Features

The Adventure Handbook Tells Travel Stories With A Difference

Personal narratives meet meltingly beautiful photography.

Brought to you by Lenovo

We make the technology that powers the world's best ideas. Innovation never stands still. This is Lenovo.

We’ve teamed up with Lenovo Yoga Series to profile young Australian disruptors who are changing the game in their chosen field. Check out the full list here.

Anyone who has travelled on a budget knows how stressful travel can be. You can find yourself pressed against the window of an overheated bus for 12 hours, with terrible bathroom prospects and a deranged child warrior kicking your seat. Or you can share wedges of pineapple with a hunky stranger on a beach. To really travel is to let adventure knock you around a bit with slaps and hugs until you learn your lesson – and that lesson can be anything.

Luckily, independent storytelling collective The Adventure Handbook is sharing these lessons around, while making anyone with even limited wanderlust start to look up flights.


A collective born of beer and darts

Supposedly devised in a garage by four creative-type friends over beer and darts, The Adventure Handbook began as a social media mash-up of stories from photographers Ryan Kenny and Luke Byrne, writer Oliver Mol and graphic designer/creative leader Ben Tan during their rollicking journeys around Australia. Since then, the collective has evolved into a sleek storytelling site, edited by Emilia Batchelor, with curated ‘weekly takeover’ narratives on Instagram that celebrate the daring, personal and epiphanic side to travel –teamed up with meltingly beautiful photography, of course.

Stories are drawn from a growing base of intrepid and urban storytellers, photographers and adventurers from around the globe: featuring everything from cross-continent cycling narratives in Africa to video clips of cliff dives. Those thirsty for tunes can pick an adventure soundtrack from the collective’s mixtapes. (“If you get tired, go to the last song and fast forward to 7:30 and crank it till your ears bleed,” writes Matt Lief Anderson as an introduction to his graveyard-shift road trip mixtape.) Begun with the aim to give voice to a different kind of travel story, The Adventure Handbook is proving that adventures aren’t dead: they’re still as accessible and amazing as ever.

_MG_4155

Travel stories with a difference

“From our perspective, anyone can tell a story,” says The Adventure Handbook’s creative director Ben Tan. “You don’t need a uni degree or to be Hemingway to be able to tell a good travel story.”

Tan says The Adventure Handbook’s contributors all have varying levels of photographic and storytelling skills, but whatever the skill set, the most important thing is a lust for adventure. AHB stories are raw, wonderful and honest, with a focus on the traveller instead of merely the place travelled; on the deeply personal nature of travel, and how it can prick and prod you.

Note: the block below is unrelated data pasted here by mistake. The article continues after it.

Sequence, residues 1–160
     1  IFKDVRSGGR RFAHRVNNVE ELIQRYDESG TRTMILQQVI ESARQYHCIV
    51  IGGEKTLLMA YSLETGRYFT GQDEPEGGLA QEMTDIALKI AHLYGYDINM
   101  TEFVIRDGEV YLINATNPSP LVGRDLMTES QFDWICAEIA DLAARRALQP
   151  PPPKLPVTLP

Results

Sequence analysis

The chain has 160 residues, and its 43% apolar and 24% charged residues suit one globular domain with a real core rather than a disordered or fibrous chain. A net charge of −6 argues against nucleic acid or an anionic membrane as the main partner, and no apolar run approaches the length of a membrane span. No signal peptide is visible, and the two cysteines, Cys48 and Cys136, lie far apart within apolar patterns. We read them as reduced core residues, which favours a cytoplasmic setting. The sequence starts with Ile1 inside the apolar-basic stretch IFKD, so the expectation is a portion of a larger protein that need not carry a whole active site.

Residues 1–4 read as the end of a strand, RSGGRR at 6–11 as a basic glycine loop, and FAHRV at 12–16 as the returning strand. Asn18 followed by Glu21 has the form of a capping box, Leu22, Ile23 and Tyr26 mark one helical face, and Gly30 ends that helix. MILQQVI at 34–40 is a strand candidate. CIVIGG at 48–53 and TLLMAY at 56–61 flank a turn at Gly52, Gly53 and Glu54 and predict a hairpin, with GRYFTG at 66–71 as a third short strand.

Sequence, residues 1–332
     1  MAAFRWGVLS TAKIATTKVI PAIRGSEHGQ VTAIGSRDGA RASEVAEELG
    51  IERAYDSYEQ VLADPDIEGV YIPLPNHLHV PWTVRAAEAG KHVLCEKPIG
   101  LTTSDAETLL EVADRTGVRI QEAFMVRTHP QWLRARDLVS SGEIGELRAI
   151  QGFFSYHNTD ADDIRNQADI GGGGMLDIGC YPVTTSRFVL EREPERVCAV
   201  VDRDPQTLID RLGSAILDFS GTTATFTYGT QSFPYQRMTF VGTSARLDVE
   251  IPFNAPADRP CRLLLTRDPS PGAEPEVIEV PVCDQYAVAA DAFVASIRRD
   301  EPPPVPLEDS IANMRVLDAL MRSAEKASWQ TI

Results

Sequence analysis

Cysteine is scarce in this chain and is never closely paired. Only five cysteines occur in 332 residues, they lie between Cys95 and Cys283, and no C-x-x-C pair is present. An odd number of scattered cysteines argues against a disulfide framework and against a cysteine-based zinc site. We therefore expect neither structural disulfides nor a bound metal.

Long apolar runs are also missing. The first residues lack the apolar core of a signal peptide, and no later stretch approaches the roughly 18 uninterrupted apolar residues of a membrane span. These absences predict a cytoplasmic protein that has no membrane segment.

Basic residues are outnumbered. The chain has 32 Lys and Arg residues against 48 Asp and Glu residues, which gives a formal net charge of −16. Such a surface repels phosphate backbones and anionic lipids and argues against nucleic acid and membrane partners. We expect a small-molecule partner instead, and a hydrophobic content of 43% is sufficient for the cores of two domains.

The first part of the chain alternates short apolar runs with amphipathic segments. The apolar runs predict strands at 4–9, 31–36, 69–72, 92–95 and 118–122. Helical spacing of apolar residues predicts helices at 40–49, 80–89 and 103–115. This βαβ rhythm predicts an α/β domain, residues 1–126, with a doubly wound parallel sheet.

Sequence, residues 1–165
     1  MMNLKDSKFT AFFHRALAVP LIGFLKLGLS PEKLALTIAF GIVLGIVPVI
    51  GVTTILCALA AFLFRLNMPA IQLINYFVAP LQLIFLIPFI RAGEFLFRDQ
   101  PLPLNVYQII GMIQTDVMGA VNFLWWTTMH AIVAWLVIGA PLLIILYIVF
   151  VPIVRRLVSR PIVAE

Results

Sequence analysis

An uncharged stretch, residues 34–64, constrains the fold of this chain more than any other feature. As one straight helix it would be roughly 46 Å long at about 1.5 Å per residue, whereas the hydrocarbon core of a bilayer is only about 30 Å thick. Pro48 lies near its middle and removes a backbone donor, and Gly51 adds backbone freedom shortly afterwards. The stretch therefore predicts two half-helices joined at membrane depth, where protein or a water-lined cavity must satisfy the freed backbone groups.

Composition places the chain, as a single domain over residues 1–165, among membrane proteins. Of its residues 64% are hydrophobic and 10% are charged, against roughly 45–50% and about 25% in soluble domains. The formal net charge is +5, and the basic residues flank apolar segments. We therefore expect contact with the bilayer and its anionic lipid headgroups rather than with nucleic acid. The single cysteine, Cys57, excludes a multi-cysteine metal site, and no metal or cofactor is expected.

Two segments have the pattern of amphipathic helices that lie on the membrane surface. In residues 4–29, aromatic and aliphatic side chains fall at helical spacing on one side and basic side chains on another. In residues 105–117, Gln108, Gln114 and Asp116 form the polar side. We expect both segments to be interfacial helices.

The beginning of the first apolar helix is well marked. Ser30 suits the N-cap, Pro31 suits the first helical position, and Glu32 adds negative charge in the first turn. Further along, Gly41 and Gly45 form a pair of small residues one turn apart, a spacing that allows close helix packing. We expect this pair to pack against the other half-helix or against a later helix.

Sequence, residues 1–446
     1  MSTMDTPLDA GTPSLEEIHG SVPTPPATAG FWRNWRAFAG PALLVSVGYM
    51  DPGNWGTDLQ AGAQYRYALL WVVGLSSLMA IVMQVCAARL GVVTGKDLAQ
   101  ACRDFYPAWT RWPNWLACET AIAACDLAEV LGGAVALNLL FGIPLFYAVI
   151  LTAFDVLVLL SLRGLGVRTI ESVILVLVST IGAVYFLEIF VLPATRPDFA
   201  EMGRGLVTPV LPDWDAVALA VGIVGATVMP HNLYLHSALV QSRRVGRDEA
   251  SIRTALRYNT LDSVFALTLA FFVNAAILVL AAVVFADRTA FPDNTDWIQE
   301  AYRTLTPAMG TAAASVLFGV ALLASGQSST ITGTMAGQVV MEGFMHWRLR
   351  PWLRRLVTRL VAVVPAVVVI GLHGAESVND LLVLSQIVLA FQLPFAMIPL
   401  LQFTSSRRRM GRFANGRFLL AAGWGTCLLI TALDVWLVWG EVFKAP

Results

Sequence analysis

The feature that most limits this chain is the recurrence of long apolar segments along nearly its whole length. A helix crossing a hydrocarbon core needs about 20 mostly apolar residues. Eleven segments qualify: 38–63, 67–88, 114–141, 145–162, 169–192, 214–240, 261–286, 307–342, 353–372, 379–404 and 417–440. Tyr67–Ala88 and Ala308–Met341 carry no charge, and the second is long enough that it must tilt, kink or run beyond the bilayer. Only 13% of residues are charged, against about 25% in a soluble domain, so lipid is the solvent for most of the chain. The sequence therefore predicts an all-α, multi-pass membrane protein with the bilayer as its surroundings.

“Social media tends to skew the way people project themselves,” says Tan. “We’re trying to provide a platform where [people] tell us the bad things that happen, because that’s as much part of a story as anything else really exciting. If you went on a trip and you suffered heartache or missed your flight or if the whole trip was a bit of a downer, that’s still an experience.”

_MG_6853

Ethical explorers

There’s a delicious tingle of introspection and euphoria to The Adventure Handbook that makes anyone with itchy feet want to set out on their next adventure immediately.

“When you’re travelling everything’s new to you, and, with fresh eyes, it can really change some of the things you thought to be true,” says Tan, who says travelling alone is the best way to experience the educational side to adventure.

_MG_3741

This doesn’t mean that your one-way ticket and North Face puffer gives you the license to be a massive jerk, however. Something The Adventure Handbook keeps in the back of its mind is the responsibility – as contradictory as that sounds – of the adventurer. If you’re going to be a Cortez, do it without the pillaging, diseases and stout.

“I think the first thing to remember for us is that travel and adventure are absolute privileges,” reflects Tan. “Even to be able to consider travelling is a privilege. When you take that on board I think it gives you a better sense of respect while you’re travelling.

While described as a “passion project”, The Adventure Handbook is getting ready to take this project and passion to the next level, even while its staff continue to juggle full-time and freelance gigs to pay its way. “We’re trying to turn [it] into something sustainable,” says Tan.

With a shiny new website in the works for early next year and launch parties planned for Australia, The Adventure Handbook is a storybook that’s easy to watch out for.

DSCF1688

(All photos: Luke Byrne)